“The president thinks he’s addressing our problems with obvious solutions, but that’s just not the case,” said defeated Republican presidential candidate John McCain. “Conservatives among us see things a little differently.”

For example, McCain addressed Democratic assertions that the sky is blue by saying “you know, sometimes it’s more grey than blue, and at night it’s actually a dark black.”

“What we on earth are perceiving as blue is in fact the light refracting off of oxygen atoms and water vapor,” said the Arizona senator. “There’s really no blue there at all. I’ve flown Navy jets at high altitudes, and all I ever saw was clouds, enemy fire and the billowing white of my parachute as I ejected yet again from another plane shot out from under me.”

Senate Minority Leader Mitch McConnell challenged what he called another common misperception among those in the majority party, that the Pope is Catholic.

“My Christian evangelical friends and I would challenge the notion that Catholicism is even a religion,” the cabbage-patch-esque Kentuckian said. “If it’s not, then how can they even have a pope? Just because there’s some guy speaking Latin and wandering around the Vatican in a Snuggie doesn’t mean he’s the infallible representative of God on Earth. I thought that was Rush.”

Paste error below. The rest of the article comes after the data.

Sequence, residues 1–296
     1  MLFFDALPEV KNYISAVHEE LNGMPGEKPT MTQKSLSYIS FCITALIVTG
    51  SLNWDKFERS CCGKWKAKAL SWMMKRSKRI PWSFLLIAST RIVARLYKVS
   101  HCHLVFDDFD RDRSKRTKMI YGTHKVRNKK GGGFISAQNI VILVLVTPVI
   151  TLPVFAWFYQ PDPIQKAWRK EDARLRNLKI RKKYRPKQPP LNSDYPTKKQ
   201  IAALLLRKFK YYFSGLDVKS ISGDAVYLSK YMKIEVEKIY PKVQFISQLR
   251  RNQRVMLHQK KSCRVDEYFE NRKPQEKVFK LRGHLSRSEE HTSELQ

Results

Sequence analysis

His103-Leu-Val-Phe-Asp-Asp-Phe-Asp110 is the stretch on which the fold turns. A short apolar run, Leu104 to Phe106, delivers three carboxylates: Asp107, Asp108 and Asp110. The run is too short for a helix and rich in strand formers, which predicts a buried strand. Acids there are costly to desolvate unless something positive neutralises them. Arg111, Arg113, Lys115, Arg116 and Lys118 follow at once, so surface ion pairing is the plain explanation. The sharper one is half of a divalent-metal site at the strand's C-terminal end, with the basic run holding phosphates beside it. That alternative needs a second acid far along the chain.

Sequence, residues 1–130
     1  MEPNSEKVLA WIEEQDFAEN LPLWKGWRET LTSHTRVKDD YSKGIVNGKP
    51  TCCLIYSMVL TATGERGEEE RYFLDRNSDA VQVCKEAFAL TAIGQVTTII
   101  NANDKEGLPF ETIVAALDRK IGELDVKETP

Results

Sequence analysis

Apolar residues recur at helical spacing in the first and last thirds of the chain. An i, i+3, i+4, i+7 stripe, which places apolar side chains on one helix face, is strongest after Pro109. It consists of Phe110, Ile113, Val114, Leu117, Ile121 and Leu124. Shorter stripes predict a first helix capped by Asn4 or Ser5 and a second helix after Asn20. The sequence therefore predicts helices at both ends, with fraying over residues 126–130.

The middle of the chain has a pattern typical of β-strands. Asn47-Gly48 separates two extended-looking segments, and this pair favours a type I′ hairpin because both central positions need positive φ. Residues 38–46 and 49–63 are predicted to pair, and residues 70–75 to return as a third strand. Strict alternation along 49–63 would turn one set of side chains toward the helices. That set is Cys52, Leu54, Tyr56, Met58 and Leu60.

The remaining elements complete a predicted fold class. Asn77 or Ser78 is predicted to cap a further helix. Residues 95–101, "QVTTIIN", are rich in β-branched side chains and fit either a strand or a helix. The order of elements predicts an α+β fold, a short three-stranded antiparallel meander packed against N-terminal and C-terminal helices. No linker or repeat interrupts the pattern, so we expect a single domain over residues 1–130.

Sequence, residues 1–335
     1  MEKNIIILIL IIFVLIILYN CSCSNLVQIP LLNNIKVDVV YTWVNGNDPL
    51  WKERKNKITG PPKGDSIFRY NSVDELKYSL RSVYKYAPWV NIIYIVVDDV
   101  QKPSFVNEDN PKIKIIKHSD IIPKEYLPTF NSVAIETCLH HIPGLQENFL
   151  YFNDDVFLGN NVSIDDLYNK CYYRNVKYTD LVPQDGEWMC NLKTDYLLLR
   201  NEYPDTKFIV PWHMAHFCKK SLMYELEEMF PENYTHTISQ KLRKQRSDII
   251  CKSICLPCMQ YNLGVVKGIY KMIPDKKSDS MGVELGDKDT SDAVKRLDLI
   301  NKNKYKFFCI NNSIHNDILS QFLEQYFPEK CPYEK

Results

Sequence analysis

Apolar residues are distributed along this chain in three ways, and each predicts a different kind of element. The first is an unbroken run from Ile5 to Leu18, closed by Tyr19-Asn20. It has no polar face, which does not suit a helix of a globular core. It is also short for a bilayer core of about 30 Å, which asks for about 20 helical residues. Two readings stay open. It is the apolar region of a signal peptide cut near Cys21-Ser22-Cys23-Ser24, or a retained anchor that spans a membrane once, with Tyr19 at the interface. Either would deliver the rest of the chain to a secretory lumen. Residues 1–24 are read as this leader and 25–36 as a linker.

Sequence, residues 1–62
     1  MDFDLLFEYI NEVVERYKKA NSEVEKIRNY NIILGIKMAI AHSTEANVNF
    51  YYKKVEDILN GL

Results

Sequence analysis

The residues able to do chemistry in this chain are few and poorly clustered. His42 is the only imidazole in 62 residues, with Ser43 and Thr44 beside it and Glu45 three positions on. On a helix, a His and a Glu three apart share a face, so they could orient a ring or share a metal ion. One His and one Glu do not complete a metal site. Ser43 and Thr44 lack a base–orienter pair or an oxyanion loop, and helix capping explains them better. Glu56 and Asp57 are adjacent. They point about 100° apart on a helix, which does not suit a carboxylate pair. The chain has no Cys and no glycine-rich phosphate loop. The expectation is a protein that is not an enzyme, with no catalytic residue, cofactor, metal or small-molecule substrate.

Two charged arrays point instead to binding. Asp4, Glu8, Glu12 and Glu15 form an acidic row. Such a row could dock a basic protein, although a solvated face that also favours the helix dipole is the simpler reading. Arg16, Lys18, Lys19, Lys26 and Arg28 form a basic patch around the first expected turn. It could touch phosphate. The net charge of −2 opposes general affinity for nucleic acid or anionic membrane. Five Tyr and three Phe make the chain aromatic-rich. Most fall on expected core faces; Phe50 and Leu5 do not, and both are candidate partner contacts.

Suspiciously single South Carolina senator Lindsey Graham also spoke out to counter Democratic claims about the excretory habits of large mammals residing in the nation’s woodlands and national parks.

“They say a bear shits in the woods. I respectfully disagree,” the fiery but always dapper Republican said. “There is not one shred of scientific evidence that such a disgusting thing occurs with any regularity. And even if it did, the droppings of all other kinds of wildlife would substantially outweigh those of the bear, so their (Democrats’) claim is really a distraction more than anything.”

Newly elected Republican Party Chairman Michael Steele tried to sum up the sentiments of his GOP colleagues.

“It may look like we’re opposing everything Obama supports just for our own political posturing,” Steele told reporters, noting that if you stacked up dollar bills representing the size of the stimulus package, your arms would end up very, very tired. “It may seem like we care more about picking up some seats in the next Congress than we do about American society as we know it surviving. But that’s not true and you have to believe me. Remember, I’m a black guy.”